The skin is the largest organ a dog has, and it’s a marvellous, sophisticated piece of kit. It grows hair, feeds parasites and has a nice covering of Candida Albicans (yeast) that peacefully cohabits until something sets it off. However, unlike we humans who can sweat all over, as anyone stuck on the tube or train on a hot day can attest, dogs only sweat from the pads of their paws and the nose.
Dogs pant to release heat and cool down, but that’s not sweating. So their skin, unencumbered by sweat, holds onto stuff – dirt, dander and the like – making it a feeding and breeding ground for all sorts of skin problems and parasites. Dog skin is the gift that keeps on giving.
The time of year really matters when it comes to itching. When I tell you that I sell far fewer products for itchy skin in the winter but sales take off like a rocket the minute the sun comes out and the trees begin to blossom, most of you will not your heads sagely as you mash yet another antihistamine into your dog’s food.
So, while some itching and scratching are normal, it’s when the scratching and paw chewing becomes constant that you know something’s no right.
A big culprit of itchy skin is hay fever.
How Dogs Get Hay Fever
For dogs with allergies, spring can cause misery as it triggers the start of the hay fever season with early tree pollen, and grass responsible for many atopic allergies in dogs. Allergies to grasses start from around May, affecting people as well as their pets.
Dogs affected by tree pollen will often show signs of skin irritation such as itching, soreness and general discomfort. Early flowering trees such as birch, hazel and alder can all trigger pollen allergies that affect dogs from March or April long before the grass allergies kick in, and can make a dog very uncomfortable.
A dog suffering from a tree or grass pollen allergy is likely to scratch and bite its body, possibly pulling out some of his coat. Licking their paws, head shaking and rubbing their face on the floor are also indications that a dog has hay fever. A dog can also develop a sensitivity to being touched.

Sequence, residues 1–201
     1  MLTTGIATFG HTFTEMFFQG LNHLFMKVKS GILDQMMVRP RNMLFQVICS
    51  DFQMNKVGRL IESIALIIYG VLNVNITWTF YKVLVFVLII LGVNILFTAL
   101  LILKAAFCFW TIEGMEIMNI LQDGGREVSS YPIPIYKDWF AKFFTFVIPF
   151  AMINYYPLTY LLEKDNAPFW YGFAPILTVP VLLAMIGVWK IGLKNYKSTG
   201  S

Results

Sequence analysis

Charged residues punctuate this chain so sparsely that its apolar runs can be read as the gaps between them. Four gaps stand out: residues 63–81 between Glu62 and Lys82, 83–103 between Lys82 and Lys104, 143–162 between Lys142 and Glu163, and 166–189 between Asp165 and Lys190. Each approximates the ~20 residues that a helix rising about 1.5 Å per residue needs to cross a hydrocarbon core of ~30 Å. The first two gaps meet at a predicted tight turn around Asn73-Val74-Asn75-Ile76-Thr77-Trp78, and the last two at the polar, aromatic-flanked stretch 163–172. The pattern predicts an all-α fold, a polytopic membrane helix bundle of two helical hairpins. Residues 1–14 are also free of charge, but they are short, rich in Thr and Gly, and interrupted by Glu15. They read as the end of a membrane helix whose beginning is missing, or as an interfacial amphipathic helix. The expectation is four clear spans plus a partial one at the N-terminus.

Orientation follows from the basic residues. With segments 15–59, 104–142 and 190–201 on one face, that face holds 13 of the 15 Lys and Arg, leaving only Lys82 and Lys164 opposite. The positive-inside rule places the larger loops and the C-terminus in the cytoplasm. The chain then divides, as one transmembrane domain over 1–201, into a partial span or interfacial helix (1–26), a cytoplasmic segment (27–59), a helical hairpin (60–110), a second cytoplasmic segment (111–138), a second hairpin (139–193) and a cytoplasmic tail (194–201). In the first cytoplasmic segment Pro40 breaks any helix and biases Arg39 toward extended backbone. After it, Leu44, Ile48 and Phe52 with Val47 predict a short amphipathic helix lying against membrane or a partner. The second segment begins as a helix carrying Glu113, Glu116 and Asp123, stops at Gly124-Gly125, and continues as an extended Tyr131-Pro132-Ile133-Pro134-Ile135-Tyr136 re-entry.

However, by naturally helping your dog's skin defences work using flaxseed oil mixed with appropriate herbs your dog is less likely to sneeze and cough.
How Flaxseed Oil & Herbs Combat Hay Fever in Dogs
Proflax cold-pressed flaxseed oils contain a blend of herbs to help relieve the symptoms: wild nettle to help with the pollen allergy, milk thistle an anti-oxidant, and camomile, an anti-inflammatory all help with hay fever. They are key elements of the diet for naturally improving skin health to cope with pollen allergies.
At My Itchy Dog, the only oils we stock now are Proflax. Not surprisingly (the clue is in our name), Proflax Skin & Coat is our bestseller and the results our customers have with it are fantastic. Skin is calmed, sensitivity is reduced, chewing and nibbling stop, and eyes and ears no longer itch.
This is because the balance of cold-pressed, UK grown flaxseed and medicinal grade herbs aren’t over-processed. They’re made in the UK from UK ingredients of such high quality the dogs we serve show improvement in a few days. Just the sort of product and company we want to champion.
Dozens of Proflax and My Itchy Dog customers have rated Proflax skin and coat at 5 out of 5 for customer satisfaction and many have commented that their dogs have responded better on the product than on some medications such as steroids.
A review we had a few weeks ago reads thus: “We have two dogs using the skin and coat blend for a few weeks now and the results are fantastic! To have two itchy dogs for different reasons isn’t fun but this oil has made all the difference! Itching and scratching and licking has nearly stopped!! One of our dogs has had pancreatitis and I was concerned about the fat content as we have to be very careful... this dog gets only a third of the usual amount and it still works without any problems!”
And another thing! I’ve been feeding skin and coat to my dog, Nikita, who came as a rescue with no fur. Now she’s as furry as it’s decent to be which means she moults a lot. So she gets skin and coat for that too. The moulting is reduced to such an extent my hoover doesn’t wheeze so much with the exertion, and her coat is in fantastic condition.
Interestingly, the thing we’ve found with customers (and we’re no different ourselves) is we’re not that flexible when it comes to trying new things because we assume an all or nothing approach. For example, “If I deviate from my normal oil over to another and it doesn’t work I’m upsetting my dog.” My answer is always to give it a try and if no good comes of it then to switch back.
So try a bottle, you have literally nothing to lose and everything to gain. If it doesn’t work for you I’ll give you your money back!
Founder of My Itchy Dog